>Czechs ponder armed anti-communist resistance, but duck bigger issues
Sentenced to death in absentia, the Mašins are considered heroes by some and morally ambiguous extremists by others, principally for their ruthlessness: killing a fireman investigating a massive arson attack sabotaging harvested hay; a cashier shot in a robbery to raise funds; and the killing two Czech policemen in raids on police stations for firerms (one was chloroformed and then had this throat cut). The group also shot dead East German soldiers and policemen hunting them in their flight across the GDR. Some German civilians were also killed in the crossfire, probably by the East German police.
Both brothers later emigrated to the USA and served in the US army. They still live in the US and seem have never set foot in post-communist Czechoslovakia/Czech Republic. This, however, seems to be more due to a lack of recognition than through concern about their legal position: the third escapee, Milan Paumer, returned to the Czech Republic in 2001 and is active in radical anti-communist politics. It’s hard to find anything much about their exact legal statusas debate is dominated by discussion of their moral and political question. There is a (largely symbolic) 1993 law on the Illegality of the Communist Regime, however, so presumably they face no legal threats.
Indeed, the post-communist Czech right (now including the Greens) have always sought to honour them the Mašin and pass another (again essentially symbolic) law recognising them (and ex-political prisoners of 1950s) as a ‘third resistance’ with a status equivalent to those who fought for Czechoslovak independence during World War 1 and anti-Nazi resistance fighters in WWII. The traditional left and some liberals, however, have always been leery of this. The controversy is now being replayed because of Prime Minister Topolánek’s recent awarding the new (but rather low-ranking) Prime Minister’s medal to the two Mašin brothers and Paumer.
Lidové noviny reports the discovery of supposedly new archive material concerning plans to assassinate Czechoslovakia’s first Communist President Klement Gottwald – stressing the far-reaching political character of their actions. In a later issue Anna Šabatová, the wife of left-wing ex-dissident Petr Uhl, puts the case against recognition: the Mašin brothers are so politically and socially divisive, she claims, they erode any possibility of a shared sense of Czech history, which is vital to the development of democracy. They are neither heroes not villains. Lionizing them sends the wrong message about the kind of values Czechs should build their future society on: killing the innocent in the name of higher political goals is, after all, the moral rationale of people we often term terrorists. Moreover, the police records cited in defence of the far-reaching political character of their resistance are – like many such records of supposed armed plots against communist – totally inreliable. The regime needed to convince the world (and itself) that it faced dangerous armed counter-revolutionaries.
Šabatová’s piece, however, has the result of persuading me that, on balance, Topolánek was probably right. This was partly because I didn’t find her counter-arguments very convincing: phrases like ‘the debate about our past is above all a debate about our future’ trip easily off the pen, but mean little in practice. The notion of a ‘common history’ – of overcoming the divisions of the past through intellectual debate and intellectual accommodation – is deeply rooted one in the thinking of many ex-dissidents thinking. Petr Pithart was perhaps the prime and most eloquent exponent of this view bother before and after 1989. Why should there be a ‘common history?’ Is the essence of democracy not difference? Is the ‘cancerous polarisation of our society’ not just a description of pluralism? Czechs disagree about healthcare reform, the direction of the EU and the electoral system, so why not history? The idea the ‘right’ interpretation of history by intellectuals somehow generating values for the future is also deeply embedded, but frankly TV soap operas, advertising and package holidays probably do more to shape values than polemics in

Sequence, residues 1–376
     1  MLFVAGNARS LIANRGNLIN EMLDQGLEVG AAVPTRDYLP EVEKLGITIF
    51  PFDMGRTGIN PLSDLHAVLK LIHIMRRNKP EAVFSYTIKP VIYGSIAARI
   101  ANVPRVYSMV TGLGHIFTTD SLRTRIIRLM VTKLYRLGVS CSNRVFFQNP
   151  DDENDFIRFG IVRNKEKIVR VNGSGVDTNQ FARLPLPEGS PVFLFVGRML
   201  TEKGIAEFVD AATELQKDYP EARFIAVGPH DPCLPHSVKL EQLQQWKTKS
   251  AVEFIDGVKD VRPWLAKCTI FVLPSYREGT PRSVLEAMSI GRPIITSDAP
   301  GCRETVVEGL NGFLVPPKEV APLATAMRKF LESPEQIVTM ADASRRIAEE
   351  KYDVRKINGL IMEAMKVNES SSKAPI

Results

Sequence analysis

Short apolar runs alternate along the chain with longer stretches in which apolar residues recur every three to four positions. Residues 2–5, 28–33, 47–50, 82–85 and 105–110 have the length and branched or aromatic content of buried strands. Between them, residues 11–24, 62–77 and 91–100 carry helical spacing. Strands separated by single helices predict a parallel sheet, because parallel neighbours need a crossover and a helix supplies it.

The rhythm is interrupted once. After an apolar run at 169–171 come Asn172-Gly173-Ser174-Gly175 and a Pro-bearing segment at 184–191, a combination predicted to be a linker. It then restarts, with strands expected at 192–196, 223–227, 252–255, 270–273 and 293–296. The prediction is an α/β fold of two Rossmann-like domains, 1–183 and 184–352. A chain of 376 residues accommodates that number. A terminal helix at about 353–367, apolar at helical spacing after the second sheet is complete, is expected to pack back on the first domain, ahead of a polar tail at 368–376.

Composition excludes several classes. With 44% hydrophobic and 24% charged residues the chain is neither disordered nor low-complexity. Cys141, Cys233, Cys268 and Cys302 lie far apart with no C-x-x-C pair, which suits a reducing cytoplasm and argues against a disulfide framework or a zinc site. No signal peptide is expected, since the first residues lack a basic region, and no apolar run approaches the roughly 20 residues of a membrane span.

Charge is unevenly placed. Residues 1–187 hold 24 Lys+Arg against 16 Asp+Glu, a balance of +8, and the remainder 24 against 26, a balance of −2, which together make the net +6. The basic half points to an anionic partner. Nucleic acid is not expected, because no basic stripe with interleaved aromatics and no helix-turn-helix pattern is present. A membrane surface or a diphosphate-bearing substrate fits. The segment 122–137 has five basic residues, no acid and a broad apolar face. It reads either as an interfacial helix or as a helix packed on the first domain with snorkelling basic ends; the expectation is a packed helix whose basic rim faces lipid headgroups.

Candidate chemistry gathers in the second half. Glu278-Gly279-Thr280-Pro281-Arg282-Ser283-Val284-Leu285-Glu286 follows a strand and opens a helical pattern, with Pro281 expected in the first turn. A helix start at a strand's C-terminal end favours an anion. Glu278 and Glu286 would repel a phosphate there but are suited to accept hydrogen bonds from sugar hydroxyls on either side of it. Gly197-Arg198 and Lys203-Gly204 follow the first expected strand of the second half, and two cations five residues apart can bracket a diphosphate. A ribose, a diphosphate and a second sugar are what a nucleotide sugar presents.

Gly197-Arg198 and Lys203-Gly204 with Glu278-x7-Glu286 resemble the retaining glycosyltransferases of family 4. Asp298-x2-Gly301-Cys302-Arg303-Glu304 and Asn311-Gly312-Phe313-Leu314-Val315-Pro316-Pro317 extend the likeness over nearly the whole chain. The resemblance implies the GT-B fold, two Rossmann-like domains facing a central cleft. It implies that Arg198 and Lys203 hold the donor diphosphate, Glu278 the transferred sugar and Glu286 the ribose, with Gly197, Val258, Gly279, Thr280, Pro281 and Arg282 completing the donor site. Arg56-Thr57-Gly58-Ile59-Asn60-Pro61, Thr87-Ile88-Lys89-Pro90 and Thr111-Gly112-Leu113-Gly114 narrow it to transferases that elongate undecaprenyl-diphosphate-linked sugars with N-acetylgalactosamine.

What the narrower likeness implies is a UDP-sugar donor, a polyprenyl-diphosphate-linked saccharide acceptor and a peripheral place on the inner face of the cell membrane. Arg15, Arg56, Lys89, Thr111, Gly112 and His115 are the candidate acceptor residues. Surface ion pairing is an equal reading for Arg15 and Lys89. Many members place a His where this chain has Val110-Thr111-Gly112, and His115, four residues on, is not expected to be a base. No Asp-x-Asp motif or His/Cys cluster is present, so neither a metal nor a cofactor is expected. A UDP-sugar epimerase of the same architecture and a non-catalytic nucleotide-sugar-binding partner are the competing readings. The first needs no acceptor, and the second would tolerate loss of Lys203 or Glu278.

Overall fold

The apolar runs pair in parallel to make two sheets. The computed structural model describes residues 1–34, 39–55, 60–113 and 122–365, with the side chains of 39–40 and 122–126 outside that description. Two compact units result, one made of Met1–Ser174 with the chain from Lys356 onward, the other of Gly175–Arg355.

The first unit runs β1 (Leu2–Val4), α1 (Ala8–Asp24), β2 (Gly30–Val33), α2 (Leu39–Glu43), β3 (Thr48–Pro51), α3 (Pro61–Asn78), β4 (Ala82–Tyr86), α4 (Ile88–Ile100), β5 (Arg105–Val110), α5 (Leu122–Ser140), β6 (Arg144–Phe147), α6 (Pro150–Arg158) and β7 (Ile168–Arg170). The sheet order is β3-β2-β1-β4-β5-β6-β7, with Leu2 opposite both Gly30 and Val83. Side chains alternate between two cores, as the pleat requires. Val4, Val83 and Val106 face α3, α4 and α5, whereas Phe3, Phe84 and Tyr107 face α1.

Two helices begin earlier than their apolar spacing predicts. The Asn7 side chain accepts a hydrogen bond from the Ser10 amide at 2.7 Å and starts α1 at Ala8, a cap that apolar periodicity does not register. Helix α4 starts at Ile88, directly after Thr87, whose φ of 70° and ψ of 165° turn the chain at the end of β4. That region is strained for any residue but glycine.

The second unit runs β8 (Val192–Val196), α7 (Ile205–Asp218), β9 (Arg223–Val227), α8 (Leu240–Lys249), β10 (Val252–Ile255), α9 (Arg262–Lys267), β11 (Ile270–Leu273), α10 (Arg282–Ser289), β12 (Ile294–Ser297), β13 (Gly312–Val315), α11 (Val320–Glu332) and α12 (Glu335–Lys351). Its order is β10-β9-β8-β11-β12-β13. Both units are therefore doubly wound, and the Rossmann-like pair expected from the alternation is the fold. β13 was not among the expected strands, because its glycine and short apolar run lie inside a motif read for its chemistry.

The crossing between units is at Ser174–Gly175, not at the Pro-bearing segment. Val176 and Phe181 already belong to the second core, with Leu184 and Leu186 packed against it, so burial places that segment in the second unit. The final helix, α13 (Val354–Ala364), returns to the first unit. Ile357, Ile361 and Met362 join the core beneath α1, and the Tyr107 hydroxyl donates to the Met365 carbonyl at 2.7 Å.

If, as Czech law says, communist rule was as an illegal totalitarian regime then armed resistance seems hard to discredit morally and politically. Was it so different from the action of Czechoslovak paratroopers sent into the country during the World War II to organize politically important, but militarily insignificant, acts of resistance? Some of them also ended up shooting at the Czech policemen. Leaving aside parallels with anti-Nazi resistance, historical memory of the Hungarian Revolution seems rather oddly able to contemplate secret policeman hanging from lampposts without seeing the episode as essentially morally ambiguous. Most people will accept some degree of brutality, ‘collateral damage’ and moral transgression as regrettable but inevitable if they think, overall, there is legitimate reason to use violence. The worst one can perhaps say is that it armed resistence was clearly futile as a strategy, but then so (viewed at the time) was the peaceful dissident resistance of the 1970s and 80s.
Of course, the inconvenient truth, that not many Czechs outside the confines of the Communist Party want face too directly, is that the ‘if’ at the start of the paragraph is quite a big ‘if’. Hungarians can safely assume that the communist regime lacked social roots. Czechs, embarrassingly and misguidedly, voted the Communists into power in 1946. The heroism and brutality of the Mašins is a good way for all sides to deal with this while simultaneously ducking the question head on. Indeed, it seems to serve as an odd social pyschological safety valve.